A friend’s newspaper advertisement for a groom nets the most famous actor in London, Arthur Bex. Shy heiress Ester Croome proposes to elope with the handsome man, who she’s secretly loved for two years, in order to escape an impending engagement arranged by her overbearing family.
Trying to outlive the shadow of his villainous uncle, Bex needs to marry quickly—to a woman of good character. And smart, beautiful Ester fits the bill. But a harrowing trip to Gretna Green and dangerous abolition rallies prove to be a more treacherous stage than either imagined. Infatuation and a mutual love for Shakespeare might not be enough to bind a couple looking to outrun the chains and secrets of family and the past.
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“Vanessa Riley crafts a highly historically accurate Regency interracial romance heavy on plotting and crisp detail. Ester and Bex are both admirable, lovable protagonists.” -Maureen Lee Lenker, Entertainment Weekly
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When her dear friend places a matrimonial advertisement and discovers that her correspondent is the man Ester has obsessed over for two years, she steps aside and lets Ester take her place.
The shy and retiring Ester takes the bull by the horn and literally seizes the day. This story takes us on a journey to Gretna Green the hard way. Along the way, Ester’s mettle is tested. She’s been the coddled spoiled daughter of an affluent textile merchant her entire life. She was shielded from the vagaries and hatred her skin color engendered. It is an eye opening journey that calls upon her to rise to the challenge. Rise is exactly what she does. Her marriage allows her to grow up overnight and become a true help mate to the man of her dreams.
Vanessa Riley incorporates true history into this fictional tale and weaves a fantastic love story. There are no weak characters in this series. They are all drawn with precision and allowed to shine in their own time. I can’t wait for the next in the series.
Ester Croome is a Blackamoor woman in regency England whose father has just arranged a marriage between herself and a man she finds objectionable (mostly because she knows him to be a womanizer). To avoid the arranged marriage she elopes with Arthur Bex, a Shakespearean actor who has been answering advertisements in the newspaper looking for a match. But various obstacles stand between them and a successful marriage: Ester’s objecting family, Bex’s involvement in the dangerous abolition movement, and secrets from Bex’s past.
I liked both Bex and Ester. One interesting element of their relationship was that while they agree to the elopement on their first meeting, they’re both plagued with doubts, which seems more likely than them just being gung-ho about it all the way. I loved all of Ester’s insecurities because of her family–her worries that someday her husband might cheat on her, her resolution not to be “a couch wife” who just sits back and lets her husband do as he will but to be actively involved in their life. And I also liked that in the areas where she seems the most self righteous, she ends up taking a step back and admitting she might be wrong.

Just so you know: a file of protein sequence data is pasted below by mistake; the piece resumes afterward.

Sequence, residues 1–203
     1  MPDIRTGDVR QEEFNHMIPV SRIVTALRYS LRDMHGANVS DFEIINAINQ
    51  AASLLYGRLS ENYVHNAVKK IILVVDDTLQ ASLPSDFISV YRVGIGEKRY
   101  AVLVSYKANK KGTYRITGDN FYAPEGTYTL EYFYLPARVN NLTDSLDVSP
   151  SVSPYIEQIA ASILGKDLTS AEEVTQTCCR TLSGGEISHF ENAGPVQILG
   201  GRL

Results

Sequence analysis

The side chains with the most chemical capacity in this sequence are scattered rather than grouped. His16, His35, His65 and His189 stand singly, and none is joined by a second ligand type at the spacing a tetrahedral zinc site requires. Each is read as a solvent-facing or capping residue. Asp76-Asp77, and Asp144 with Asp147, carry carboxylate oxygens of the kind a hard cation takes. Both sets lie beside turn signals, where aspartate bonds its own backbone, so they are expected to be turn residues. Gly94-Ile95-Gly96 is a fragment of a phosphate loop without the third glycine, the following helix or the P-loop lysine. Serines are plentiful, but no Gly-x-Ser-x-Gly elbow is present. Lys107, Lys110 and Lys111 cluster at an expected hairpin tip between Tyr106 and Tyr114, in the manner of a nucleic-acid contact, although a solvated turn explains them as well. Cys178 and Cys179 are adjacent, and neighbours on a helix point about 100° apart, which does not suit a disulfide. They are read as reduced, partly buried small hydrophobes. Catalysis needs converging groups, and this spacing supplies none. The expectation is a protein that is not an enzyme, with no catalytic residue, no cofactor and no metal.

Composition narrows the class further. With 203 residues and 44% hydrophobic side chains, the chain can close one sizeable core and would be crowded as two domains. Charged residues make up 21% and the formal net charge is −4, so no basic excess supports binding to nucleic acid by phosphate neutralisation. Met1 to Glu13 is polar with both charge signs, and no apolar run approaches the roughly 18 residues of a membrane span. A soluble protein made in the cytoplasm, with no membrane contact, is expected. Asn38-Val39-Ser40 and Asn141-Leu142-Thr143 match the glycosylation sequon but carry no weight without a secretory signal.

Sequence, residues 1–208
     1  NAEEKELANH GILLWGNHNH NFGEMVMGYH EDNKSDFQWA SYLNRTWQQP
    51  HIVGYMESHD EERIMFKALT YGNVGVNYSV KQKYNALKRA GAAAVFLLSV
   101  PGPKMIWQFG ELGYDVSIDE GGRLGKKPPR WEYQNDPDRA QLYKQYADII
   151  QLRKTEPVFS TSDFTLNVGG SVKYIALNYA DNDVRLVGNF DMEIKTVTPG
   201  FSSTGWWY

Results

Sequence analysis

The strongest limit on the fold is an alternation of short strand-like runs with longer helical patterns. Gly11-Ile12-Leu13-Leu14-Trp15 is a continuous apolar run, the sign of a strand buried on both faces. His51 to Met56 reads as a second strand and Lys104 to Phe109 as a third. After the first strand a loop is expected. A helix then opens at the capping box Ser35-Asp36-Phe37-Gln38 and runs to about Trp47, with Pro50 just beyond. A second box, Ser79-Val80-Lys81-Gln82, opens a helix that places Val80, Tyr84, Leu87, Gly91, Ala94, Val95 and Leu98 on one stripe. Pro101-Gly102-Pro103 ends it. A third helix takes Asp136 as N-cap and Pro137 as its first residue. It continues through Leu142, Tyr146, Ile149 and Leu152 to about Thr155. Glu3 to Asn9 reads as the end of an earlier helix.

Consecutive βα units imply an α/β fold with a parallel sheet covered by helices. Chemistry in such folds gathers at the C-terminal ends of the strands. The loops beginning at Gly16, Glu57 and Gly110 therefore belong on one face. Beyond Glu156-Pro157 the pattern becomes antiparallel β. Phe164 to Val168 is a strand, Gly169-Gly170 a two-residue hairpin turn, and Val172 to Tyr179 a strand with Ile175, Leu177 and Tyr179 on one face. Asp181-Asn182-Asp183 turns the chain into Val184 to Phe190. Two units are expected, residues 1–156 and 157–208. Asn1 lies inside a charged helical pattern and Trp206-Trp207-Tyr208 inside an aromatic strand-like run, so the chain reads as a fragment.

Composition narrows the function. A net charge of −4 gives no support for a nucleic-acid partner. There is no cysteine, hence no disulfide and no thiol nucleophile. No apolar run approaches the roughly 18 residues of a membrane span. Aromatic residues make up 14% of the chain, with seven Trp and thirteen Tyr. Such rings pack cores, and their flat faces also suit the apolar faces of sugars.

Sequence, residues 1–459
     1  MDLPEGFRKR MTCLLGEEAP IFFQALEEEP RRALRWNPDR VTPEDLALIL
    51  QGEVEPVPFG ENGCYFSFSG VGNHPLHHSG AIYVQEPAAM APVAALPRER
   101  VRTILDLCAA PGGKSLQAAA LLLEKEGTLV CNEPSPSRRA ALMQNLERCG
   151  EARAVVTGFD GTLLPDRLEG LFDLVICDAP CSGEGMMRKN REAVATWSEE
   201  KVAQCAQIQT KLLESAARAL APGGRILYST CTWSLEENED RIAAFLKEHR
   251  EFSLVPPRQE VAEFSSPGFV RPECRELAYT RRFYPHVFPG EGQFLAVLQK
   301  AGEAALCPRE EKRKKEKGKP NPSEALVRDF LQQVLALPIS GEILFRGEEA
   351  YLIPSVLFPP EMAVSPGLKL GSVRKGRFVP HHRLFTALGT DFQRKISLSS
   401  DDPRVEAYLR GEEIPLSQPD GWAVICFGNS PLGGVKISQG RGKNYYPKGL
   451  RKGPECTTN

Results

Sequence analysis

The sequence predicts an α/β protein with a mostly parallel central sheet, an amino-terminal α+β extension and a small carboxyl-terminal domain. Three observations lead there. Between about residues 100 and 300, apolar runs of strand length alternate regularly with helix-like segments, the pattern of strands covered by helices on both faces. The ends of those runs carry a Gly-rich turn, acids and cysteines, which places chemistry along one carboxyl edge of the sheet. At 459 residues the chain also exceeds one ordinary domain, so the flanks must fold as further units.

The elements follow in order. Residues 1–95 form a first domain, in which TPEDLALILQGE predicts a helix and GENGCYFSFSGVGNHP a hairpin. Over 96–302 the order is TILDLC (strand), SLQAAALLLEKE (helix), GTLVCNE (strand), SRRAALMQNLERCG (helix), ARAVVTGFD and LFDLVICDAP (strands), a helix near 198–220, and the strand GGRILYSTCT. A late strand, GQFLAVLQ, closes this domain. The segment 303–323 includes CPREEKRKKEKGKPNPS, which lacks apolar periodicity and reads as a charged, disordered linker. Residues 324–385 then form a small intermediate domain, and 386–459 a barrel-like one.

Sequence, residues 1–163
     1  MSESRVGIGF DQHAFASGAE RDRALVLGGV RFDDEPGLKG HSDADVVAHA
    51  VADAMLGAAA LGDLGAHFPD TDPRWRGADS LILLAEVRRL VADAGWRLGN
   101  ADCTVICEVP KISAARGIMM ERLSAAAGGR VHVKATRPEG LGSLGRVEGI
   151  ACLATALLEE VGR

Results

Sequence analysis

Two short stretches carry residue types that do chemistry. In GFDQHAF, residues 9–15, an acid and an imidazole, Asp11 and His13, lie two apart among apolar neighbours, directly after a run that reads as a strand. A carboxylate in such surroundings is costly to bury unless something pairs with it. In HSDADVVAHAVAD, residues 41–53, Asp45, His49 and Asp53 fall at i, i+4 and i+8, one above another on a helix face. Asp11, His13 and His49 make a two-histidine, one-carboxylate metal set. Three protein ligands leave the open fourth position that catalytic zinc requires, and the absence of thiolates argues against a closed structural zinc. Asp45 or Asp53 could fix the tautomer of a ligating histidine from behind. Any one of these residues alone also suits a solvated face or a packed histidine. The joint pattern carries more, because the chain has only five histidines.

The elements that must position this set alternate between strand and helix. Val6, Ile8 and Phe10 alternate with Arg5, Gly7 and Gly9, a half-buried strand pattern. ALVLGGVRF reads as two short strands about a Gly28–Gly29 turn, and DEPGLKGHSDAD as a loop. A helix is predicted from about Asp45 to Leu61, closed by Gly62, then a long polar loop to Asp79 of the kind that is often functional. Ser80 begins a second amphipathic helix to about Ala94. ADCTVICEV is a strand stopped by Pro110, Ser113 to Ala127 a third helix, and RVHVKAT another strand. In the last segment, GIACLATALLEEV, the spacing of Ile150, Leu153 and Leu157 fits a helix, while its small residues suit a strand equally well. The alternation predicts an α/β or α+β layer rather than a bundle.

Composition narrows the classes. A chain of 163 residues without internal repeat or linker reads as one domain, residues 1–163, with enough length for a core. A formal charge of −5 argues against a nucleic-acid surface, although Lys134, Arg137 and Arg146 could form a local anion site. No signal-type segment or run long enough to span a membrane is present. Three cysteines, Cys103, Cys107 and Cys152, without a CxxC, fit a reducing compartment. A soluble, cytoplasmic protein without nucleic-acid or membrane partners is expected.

(Also, Ester’s infatuation with Bex because he’s such a good actor with a golden voice is adorable.)
On the other hand, it often felt like this book kept on going back over the same ground. The trip from London to Gretna Green is covered in great detail, and Ester and Bex both keep on going back and forth and back and forth on whether this is a good idea, whether they should turn back, etc etc. While it’s realistic, it’s the sort of internal struggle that I’d rather see more in brief than drawn out. In fact, the book is two thirds over by the time Ester and Bex actually get married, and while some of that time is spent on reasonable considerations and interesting interactions with Ester’s family, a lot of it feels like filler.
However, those parts still provide valuable character insight I suppose, and the last third is fun, wrapping up all threads left hanging and providing a plot about Bex’s involvement with abolitionists. Speaking of which, one highlight of this book is how it examines racial relations in the time period: the prejudice often shown against even Ester, who is Blackamoor but relatively wealthy and well-to-do, and the hostility towards the abolition movement. To be honest, this element was what interested me in this book initially, and it certainly followed through. So the multicultural element was good.
Overall, I’d say it comes across as more historical than many historical romances, and the relationships are interesting, but it does drag at parts. I’d recommend but with qualifications.
I received an ARC through Netgalley in exchange for an honest review.